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For Indiana coach Mike Davis, last Saturday's matchup against Kentucky in Indianapolis's RCA Dome wasn't just a game, it was also a trial. In the eyes of some critics Davis's crimes against the state include his failure to sign the top high school prospects in Indiana for three straight years and to make the NCAA tournament in the last two. (Yes, Davis made it to the NCAA championship game with the Hoosiers in 2002, but athletic director Rick Greenspan has made it clear that Davis's continued employment will depend on Indiana's earning an NCAA bid this year.) The drumbeat for the coach's head picked up on Dec. 6 when the Hoosiers, whom Davis had declared "the best team I've had" at Indiana, lost 72--67 to middling Indiana State. Most egregious of all, Davis had not beaten hated Kentucky in five tries.
Fortunately for Davis, he wasn't the only one on the Indiana sideline with something to prove against the Wildcats. Marco Killingsworth, a senior power forward who had more than 1,000 points and 500 rebounds in three seasons at Auburn before transferring to Indiana in the wake of Cliff Ellis's firing, had never beaten Kentucky either. After he had 23 points, 11 rebounds and four assists in Indiana's satisfying 79--53 thumping of the Wildcats, Killingsworth draped his arms around Davis's neck and whispered in his ear, "We finally got those jokers." Though the victory may not ultimately save Davis's job, it should gain him some breathing room.
"This win meant the world to Coach," said sophomore guard A.J. Ratliff, who scored 21 points in his first start since breaking his right thumb in October. "He had us more prepared for this game than for any since I've been here. We must have watched film of Kentucky six times."
In practice last week Davis emphasized defense, to great effect. The Wildcats, who had made better than 50% of their shots against Indiana in their last five meetings, shot just 31.1% from the field. From beyond the arc, where Kentucky had been hitting at a 40.4% clip this season, the Wildcats missed their first 20 shots and finished 2 for 27. Meanwhile, Indiana shot 53.3% from the field, ending Kentucky's 32-game streak of holding opponents to less than 50% shooting. "The difference today was that we played together," said Davis. "We shared the ball and were defensive-minded."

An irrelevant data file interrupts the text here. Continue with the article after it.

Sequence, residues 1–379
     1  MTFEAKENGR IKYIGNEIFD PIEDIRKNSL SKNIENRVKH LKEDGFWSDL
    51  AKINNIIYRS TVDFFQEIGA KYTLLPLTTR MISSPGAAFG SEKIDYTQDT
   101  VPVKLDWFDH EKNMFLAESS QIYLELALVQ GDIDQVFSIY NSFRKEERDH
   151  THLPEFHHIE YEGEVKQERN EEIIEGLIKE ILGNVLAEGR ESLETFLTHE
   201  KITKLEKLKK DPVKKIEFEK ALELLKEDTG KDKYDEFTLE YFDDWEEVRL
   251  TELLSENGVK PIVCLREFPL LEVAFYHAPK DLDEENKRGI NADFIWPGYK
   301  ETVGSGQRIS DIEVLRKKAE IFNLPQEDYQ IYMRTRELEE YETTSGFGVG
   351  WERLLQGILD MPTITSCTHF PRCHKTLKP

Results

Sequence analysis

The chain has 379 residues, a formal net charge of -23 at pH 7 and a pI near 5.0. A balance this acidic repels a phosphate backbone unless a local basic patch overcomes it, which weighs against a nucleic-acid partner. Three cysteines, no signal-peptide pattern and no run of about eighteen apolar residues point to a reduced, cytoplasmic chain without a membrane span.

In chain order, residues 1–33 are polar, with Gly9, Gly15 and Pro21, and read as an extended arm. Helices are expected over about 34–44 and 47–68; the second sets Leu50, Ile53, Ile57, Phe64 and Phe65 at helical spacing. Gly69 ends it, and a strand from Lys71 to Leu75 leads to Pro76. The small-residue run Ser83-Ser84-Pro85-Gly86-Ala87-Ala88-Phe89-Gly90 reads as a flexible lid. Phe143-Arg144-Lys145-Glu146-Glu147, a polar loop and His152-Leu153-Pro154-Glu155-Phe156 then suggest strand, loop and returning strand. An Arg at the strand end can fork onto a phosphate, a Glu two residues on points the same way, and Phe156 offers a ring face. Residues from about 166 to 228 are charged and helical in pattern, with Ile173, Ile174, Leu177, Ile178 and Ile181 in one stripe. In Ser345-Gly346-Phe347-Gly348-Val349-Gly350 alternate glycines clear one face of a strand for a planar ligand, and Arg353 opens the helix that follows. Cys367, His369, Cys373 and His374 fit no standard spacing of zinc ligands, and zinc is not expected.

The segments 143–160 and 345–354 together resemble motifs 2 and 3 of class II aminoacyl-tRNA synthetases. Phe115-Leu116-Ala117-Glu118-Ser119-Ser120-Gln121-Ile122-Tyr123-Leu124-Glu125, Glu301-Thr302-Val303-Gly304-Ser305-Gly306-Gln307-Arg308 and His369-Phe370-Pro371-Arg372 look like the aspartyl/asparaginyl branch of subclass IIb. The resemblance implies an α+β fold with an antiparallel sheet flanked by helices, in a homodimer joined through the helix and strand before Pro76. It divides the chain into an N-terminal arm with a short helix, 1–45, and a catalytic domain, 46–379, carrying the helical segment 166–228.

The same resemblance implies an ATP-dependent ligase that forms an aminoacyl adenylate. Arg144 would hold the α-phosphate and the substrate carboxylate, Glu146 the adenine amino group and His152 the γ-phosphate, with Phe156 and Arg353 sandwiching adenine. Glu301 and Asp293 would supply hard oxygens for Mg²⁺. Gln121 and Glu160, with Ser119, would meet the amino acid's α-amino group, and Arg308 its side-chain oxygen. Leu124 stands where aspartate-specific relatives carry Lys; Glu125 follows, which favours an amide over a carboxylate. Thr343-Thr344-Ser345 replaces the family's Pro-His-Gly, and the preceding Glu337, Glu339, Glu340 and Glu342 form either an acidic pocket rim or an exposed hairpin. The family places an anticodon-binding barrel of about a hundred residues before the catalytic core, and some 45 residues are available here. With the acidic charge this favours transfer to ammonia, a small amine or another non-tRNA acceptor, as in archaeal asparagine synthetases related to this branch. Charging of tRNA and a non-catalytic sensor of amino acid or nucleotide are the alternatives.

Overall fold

Nobody was more defensive-minded than Killingsworth, who got an earful from Davis after a confounding 10-point, seven-turnover performance against Indiana State. He had been brilliant six days before that in a 75--67 loss to Duke, scoring 34 points against Shelden Williams, the national defensive player of the year. "Coach told me that everyone knew I could play offense, but I needed to prove I could play defense," says Killingsworth. "He said an NBA scout told him that if I can play defense and play with energy, I could be a lottery pick."
After the Indiana State loss Killingsworth made some changes to his diet, cutting out sugar, drinking extra water and eating little but salads for the rest of the week. He dropped from 264 to 255 pounds in three days and, with his lighter frame, found new vigor on defense. None of the four Kentucky players who tried matching up with him scored more than two points. "I thought Marco played his best game for us," said Davis. "We go as Marco goes."
Indiana (5--2 at week's end) should get even stronger beginning with its next game, against Charlotte on Dec. 19, when 6'9", 242-pound forward D.J. White, who was last year's Big Ten freshman of the year, rejoins the team. He's been sidelined with a broken left foot, but his return has the Hoosiers excited. "Getting the chance to play with D.J. was one of the reason I transferred here," Killingsworth said after Saturday's win. "The fact that we won today without him says a lot. It says when he comes back, watch out for Indiana."